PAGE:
Many parents at these schools who are technically, legally, fee-exempt, nevertheless pay what they can. So you have a combination of parents who pay nothing, parents who pay something, and the majority of parents paying in full. What this adds up to is a rather astounding R12.2 billion in fees paid last year, money which employs an equally astounding 37 000 teachers. If this was a business sector, with that level of investment, that level of job creation, and that level of equity, we’d be falling over ourselves to protect it. I say ‘that level of equity’ advisedly. In the former model C schools, 40% of the learners are black. This is not a white enclave.


Let’s put these figures in a business context. Last year the Industrial Development Corporation approved R13 billion to save 4 000 jobs and create 20 000. The fee-paying school sector is creating more jobs than this, for less outlay, with no taxpayers money involved, and no donor money either.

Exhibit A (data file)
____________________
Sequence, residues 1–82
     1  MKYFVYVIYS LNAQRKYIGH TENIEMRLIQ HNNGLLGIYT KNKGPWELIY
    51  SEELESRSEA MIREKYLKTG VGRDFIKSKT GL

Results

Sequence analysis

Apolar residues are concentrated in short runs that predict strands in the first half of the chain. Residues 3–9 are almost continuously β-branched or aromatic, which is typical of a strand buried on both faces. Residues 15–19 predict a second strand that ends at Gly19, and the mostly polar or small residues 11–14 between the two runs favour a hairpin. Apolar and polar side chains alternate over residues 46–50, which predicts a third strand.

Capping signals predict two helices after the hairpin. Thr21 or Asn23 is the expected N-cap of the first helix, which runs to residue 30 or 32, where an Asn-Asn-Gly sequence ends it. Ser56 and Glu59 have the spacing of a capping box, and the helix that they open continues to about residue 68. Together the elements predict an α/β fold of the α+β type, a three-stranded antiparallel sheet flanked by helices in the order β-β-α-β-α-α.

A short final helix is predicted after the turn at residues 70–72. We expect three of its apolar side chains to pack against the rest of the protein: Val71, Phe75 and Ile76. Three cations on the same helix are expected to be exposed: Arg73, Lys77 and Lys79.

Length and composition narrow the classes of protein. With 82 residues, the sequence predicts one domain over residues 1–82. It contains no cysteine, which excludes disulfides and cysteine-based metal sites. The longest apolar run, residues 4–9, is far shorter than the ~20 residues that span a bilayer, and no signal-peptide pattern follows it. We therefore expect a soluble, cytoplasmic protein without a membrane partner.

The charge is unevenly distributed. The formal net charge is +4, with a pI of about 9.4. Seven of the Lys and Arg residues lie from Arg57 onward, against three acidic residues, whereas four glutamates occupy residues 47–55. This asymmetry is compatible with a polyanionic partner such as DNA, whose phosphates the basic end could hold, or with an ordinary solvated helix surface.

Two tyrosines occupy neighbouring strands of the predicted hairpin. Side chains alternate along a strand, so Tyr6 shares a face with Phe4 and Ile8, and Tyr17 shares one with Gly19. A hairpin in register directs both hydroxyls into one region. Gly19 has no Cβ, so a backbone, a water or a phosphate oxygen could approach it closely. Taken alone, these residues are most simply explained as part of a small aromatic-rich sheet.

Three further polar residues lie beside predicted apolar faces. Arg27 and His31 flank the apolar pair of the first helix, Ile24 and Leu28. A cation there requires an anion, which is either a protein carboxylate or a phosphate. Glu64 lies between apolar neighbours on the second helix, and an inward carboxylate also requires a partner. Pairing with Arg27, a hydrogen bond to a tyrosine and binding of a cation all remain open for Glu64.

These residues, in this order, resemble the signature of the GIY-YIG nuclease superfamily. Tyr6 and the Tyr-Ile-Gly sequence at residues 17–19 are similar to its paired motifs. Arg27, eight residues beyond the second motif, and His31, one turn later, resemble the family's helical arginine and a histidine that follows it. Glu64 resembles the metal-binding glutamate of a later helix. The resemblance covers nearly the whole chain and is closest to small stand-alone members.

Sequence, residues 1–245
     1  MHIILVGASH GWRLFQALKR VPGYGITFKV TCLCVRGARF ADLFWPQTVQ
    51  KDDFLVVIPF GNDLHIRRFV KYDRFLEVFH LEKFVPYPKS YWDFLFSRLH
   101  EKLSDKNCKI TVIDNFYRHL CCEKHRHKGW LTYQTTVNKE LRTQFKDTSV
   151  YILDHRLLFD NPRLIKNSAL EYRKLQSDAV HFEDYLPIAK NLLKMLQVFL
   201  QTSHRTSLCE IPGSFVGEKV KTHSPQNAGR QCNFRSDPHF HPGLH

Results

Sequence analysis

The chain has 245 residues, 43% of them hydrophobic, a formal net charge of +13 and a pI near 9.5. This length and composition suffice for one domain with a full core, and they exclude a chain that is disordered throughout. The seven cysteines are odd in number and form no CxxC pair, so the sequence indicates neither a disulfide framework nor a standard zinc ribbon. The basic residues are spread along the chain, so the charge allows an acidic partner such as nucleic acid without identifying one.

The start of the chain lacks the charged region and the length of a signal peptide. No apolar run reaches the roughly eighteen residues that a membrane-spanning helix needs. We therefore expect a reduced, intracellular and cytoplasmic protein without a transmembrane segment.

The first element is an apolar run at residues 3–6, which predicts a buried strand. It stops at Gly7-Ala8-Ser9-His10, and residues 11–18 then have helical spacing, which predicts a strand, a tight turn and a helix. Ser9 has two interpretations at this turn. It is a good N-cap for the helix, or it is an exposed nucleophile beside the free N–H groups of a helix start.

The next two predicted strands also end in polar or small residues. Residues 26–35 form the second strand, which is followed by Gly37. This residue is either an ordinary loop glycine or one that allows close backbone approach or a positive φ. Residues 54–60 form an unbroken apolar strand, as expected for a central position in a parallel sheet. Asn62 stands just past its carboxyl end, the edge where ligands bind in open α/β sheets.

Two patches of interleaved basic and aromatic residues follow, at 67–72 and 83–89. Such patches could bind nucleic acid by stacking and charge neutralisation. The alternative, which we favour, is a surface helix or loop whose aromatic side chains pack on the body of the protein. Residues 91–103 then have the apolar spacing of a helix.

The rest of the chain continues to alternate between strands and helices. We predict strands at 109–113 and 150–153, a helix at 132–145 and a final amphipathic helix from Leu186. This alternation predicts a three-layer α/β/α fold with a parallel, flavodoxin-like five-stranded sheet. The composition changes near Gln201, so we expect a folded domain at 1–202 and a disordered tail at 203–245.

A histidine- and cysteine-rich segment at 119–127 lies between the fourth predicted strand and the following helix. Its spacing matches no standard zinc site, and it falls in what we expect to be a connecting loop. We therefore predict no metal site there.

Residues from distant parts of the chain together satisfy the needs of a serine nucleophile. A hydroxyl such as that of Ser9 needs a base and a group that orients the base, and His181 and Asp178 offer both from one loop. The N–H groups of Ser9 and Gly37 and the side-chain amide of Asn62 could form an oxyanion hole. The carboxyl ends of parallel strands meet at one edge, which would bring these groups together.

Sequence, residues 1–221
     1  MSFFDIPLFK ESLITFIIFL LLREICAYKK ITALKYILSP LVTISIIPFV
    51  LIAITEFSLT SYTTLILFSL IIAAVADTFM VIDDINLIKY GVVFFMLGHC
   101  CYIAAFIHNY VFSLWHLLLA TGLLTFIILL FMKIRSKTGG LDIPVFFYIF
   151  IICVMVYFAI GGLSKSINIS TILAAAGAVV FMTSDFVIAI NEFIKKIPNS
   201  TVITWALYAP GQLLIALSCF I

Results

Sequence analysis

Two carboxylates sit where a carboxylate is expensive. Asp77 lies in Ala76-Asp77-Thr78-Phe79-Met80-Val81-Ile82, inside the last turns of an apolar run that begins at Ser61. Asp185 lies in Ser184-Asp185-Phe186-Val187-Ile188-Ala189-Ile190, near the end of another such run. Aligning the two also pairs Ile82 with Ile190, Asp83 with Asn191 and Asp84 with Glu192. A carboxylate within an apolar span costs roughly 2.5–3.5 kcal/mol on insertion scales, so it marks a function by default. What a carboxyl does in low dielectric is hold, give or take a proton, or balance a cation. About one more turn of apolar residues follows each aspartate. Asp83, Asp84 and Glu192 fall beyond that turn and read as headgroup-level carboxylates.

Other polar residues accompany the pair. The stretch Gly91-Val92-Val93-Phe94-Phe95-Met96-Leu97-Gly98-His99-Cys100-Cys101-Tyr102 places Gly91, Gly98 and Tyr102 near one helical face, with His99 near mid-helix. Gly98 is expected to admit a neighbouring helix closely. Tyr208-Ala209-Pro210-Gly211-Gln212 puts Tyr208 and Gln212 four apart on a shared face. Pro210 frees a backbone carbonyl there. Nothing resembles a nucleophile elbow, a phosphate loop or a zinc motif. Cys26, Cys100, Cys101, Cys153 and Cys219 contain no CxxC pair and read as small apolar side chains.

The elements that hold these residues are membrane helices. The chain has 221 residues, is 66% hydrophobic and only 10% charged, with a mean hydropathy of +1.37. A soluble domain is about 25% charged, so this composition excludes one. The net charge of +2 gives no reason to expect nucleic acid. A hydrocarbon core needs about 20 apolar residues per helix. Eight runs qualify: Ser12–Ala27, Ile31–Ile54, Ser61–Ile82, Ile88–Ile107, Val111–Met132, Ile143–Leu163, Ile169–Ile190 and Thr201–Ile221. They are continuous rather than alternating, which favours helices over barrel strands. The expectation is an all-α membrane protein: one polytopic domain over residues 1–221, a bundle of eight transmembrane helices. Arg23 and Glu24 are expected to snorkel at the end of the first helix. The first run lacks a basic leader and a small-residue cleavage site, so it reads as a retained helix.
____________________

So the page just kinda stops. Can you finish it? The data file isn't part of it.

I made the point that the model C schools were not a white enclave. Although they provide a thoroughly middle-class education, they are not a middle class enclave either.


Applied with discernment, discretion, and also with some compassion, the exemption system ensures that full and partial exemptions include in the learner body a wide socio-economic diversity, with up to 30% of families receiving a full or partial exemption. This system offers a series of trapdoors, rope ladders, bridges, to get some of the poorest South African learners into an excellent middle class education.


Research from the United States[1] shows that for poorer learners, they do best in a school where poor learners make up from 10 – 25% of  all learners.